Pope raises alarm about Italy's precariously low birthrate
Pope Francis added his voice Friday to the chorus of alarm about Italy's falling population, calling for government policies that provide the necessary financial stability to encourage young people to stay in Italy and have families.
Francis joined Premier Mario Draghi at a conference to draw attention to Italy''s precariously low birth rate, which Draghi warned was slowly making the country “cease to exist.”
Italy last year recorded 404,000 live births, the lowest number since its unification in 1861, worsening a steady decline that has already made Italy''s fertility rate one of the lowest in Europe.
With the spike in COVID-19-related deaths in 2020, the deficit between births and deaths last year hit 342,000 — the biggest gap since the 1918 Spanish Flu and the equivalent of having lost a city the size of Florence.
“An Italy without children is an Italy that doesn''t have a place in the future," Draghi warned. “An Italy that is slowly ceasing to exist."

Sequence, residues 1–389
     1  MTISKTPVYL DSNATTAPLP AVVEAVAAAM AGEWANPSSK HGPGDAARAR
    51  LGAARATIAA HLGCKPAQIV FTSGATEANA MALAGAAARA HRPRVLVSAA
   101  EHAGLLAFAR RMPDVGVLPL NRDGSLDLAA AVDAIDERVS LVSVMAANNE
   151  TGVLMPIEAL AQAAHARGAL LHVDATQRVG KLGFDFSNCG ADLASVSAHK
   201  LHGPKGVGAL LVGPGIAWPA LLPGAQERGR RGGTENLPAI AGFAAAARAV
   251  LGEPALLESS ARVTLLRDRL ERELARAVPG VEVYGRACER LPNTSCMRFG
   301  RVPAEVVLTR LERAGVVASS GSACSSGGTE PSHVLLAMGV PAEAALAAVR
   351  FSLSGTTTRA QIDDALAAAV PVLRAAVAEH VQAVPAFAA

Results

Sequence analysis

The pope praised the recent creation of a bonus for families after each child is born as a concrete form of solidarity to families in need. He encouraged longer-term, family-centric policies to give young families hope and confidence that they will be able to support big families over the years.
“It is urgent to offer young people the guarantees of a sufficiently stable job, security of having a home and incentives not to leave the country,” Francis said.
Italy has the world''s second-oldest population and one of the EU''s lowest fertility rates, at 1.27 live births per woman compared with the EU average of 1.53, according to 2019 Eurostat figures.
For years, leaders across the political spectrum have warned of the demographic disaster that looms with an increasingly aging population without a sufficiently broad tax-paying workforce to support them.
Draghi''s 222.1 billion-euro ($268.6 billion) coronavirus recovery plan aims in large part to address the crisis by investing in more day care centers and elementary schools to encourage families to have children. The plan also invests in digital and ecological industries geared toward young workers, while offering them help in securing mortgages so they can buy their own homes.
Francis praised these initiatives, noting that Italy is just one of many countries in Europe experiencing low birth rates.
Europe, he warned, “is becoming the old continent'' not because of its glorious history, but because of its advanced age.”